Introduction to Diagnostic Medical Parasitology
The infectious agent is Onchocerca volvulus, a filarial tissue-dwelling nematode worm, found predominantly in the skin and the eye. Onchocerciasis is endemic in tropical Africa and parts of southern America.
Following the bite of an infected female black fly (Simulium spp.), a non-fatal filarial disease develops. Fibrous nodules are formed around developing adult worms (female worms reach a length of up to 50 cm) in the subcutaneous tissues, especially of the head and shoulders (America) or the pelvic girdle and lower limbs (Africa). Female worms are viviparous: microfilariae (300 µm long) are mainly found in intercellular spaces in the dermis and in the eye chambers. When black flies feed on an infected patient, microfilariae are taken up with the blood meal (pool feeders). They have to escape blood digestion in the vector by invading the body cavity of the insect. Within flight muscle fibres, they develop to third-stage (infectious) larvae which leave the insect actively during the next blood meal.
- Onchocerciasis is endemic in tropical Africa (in sub-Saharan Africa from Senegal to Ethiopia)
- Latin America (Guatemala, southern Mexico, Venezuela, Colombia, Ecuador, Brazil)
- Transmission of the disease occurs by bites of black flies
- Skin and eye lesions are due to dying microfilariae
- A variety of skin manifestations can be observed
- Skin nodules of various sizes in the dermis or subcutaneous tissues contain adult worms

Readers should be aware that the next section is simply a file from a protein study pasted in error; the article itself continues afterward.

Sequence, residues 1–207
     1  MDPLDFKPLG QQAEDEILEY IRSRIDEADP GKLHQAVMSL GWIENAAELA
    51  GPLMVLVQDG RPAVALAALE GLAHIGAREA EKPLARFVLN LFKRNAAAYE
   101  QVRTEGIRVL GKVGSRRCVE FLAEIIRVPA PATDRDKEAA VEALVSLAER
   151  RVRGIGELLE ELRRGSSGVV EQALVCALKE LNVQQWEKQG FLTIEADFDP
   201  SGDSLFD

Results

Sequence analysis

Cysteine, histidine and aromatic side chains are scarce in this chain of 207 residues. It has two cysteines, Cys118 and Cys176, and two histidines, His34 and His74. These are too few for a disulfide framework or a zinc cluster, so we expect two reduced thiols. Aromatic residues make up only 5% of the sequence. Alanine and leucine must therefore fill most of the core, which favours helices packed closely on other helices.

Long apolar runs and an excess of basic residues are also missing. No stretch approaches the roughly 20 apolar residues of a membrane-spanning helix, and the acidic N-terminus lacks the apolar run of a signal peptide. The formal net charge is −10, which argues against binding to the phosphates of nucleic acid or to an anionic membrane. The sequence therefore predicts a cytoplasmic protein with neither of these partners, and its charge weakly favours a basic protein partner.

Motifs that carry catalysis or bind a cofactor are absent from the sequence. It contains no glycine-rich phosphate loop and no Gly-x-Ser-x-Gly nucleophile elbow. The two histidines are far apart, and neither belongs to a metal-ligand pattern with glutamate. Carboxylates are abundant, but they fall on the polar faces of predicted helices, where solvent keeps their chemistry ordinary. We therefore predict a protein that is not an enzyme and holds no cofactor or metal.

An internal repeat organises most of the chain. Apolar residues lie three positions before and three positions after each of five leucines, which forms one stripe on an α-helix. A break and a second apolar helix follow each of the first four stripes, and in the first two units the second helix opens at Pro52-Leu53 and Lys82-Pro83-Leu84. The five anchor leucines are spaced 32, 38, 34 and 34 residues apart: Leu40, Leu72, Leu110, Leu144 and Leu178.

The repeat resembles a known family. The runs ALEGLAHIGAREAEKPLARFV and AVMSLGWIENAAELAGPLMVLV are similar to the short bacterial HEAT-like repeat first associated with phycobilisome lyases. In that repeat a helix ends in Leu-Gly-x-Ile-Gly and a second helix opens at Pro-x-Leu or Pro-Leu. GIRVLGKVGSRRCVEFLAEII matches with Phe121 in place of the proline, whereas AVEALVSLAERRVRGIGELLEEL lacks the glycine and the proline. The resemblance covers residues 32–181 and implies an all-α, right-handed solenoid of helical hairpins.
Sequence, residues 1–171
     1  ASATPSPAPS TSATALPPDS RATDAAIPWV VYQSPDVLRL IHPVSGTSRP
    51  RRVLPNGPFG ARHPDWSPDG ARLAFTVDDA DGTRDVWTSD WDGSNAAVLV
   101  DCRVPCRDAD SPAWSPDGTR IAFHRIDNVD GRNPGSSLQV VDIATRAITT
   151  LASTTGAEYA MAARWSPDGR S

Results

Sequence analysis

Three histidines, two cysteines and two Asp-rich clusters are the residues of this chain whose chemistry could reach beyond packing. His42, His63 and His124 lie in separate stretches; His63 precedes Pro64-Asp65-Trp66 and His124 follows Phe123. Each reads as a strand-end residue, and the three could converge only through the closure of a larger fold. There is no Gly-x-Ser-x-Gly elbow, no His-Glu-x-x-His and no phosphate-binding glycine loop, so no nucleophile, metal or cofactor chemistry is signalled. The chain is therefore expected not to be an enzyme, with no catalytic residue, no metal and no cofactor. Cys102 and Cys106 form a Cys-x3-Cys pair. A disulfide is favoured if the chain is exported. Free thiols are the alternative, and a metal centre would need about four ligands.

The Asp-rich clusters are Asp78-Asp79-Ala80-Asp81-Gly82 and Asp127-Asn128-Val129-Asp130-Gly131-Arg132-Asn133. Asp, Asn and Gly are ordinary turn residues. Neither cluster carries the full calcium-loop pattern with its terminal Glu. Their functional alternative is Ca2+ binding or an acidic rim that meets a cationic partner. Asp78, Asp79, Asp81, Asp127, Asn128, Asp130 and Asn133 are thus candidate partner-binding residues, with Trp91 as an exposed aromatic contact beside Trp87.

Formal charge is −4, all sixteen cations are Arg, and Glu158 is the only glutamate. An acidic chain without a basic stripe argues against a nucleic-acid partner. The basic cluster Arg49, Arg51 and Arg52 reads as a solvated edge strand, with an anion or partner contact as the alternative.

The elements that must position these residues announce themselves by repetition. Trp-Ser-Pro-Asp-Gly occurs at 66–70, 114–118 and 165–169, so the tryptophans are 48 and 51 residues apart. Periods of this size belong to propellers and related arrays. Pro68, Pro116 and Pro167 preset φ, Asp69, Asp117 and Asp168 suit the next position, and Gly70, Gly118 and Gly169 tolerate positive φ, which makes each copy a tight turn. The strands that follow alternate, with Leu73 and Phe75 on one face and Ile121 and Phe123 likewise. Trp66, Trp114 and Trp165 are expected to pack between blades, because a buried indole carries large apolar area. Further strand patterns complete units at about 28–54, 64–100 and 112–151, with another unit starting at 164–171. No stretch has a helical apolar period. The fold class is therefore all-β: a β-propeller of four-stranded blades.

- Severe ocular pathology involves different tissues, is progressive and may end in blindness
- Skin manifestations include:
- Pruritus, rash (when microfilariae die)
- Chronic dermatitis and altered pigmentation
- Oedema and atrophy of the skin
- Loss of skin elasticity
- Pigment changes known as “leopard skin”
- Nodules (onchocercomas) contain live or calcified adult worms
- Eye manifestations are due to dying microfilariae and include:
- Punctate keratitis
- Sclerosing keratitis
- Anterior uveitis
- Chorioretinal lesions
- Inflammation and atrophy of the optic nerve
The classical way to diagnose onchocerciasis is by taking skin snips (six or more) and detecting microfilariae. However, the sensitivity is restricted in light infections (e.g. in drug- or vector-controlled areas).
Molecular methods have been described to demonstrate strain differences (e.g. between forest and savannah). In addition, infective larvae from related species can be differentiated from O. volvulus.
Detecting DNA in skin snips may improve sensitivity but needs biopsies.
A new antigen detection dipstick method has been described which showed high sensitivity when urine samples were tested. Specificity also seems to be excellent.
Many attempts have been undertaken to improve specificity of serological methods by using recombinant antigens. However, a decrease in sensitivity has often been observed. In a rapid format card test, IgG4 antibodies have been detected using the Ov16 recombinant antigen.
- To diagnose an individual case
In returning travellers with limited exposure, definite diagnosis is difficult to achieve. One might combine clinical findings, skin snips and the demonstration of specific serum antibodies.
- To assess a control programme
Detecting microfilariae in skin snips is not adequate for the assessment of a control programme due to the low sensitivity of this method and the length of the pre-patent period. There have been many attempts to develop immunological methods for early diagnosis. However, they were either unsuccessful or have not been fully validated so far.
Prevention and control
- Vector control programmes
The incidence of new infection in West Africa has been reduced thanks to a large-scale campaign, the Onchocerciasis Control Program (OCP)
- Annual mass chemotherapy
- Personal protection: avoid bites of black flies (Simulium spp.) by wearing protective clothing and using repellents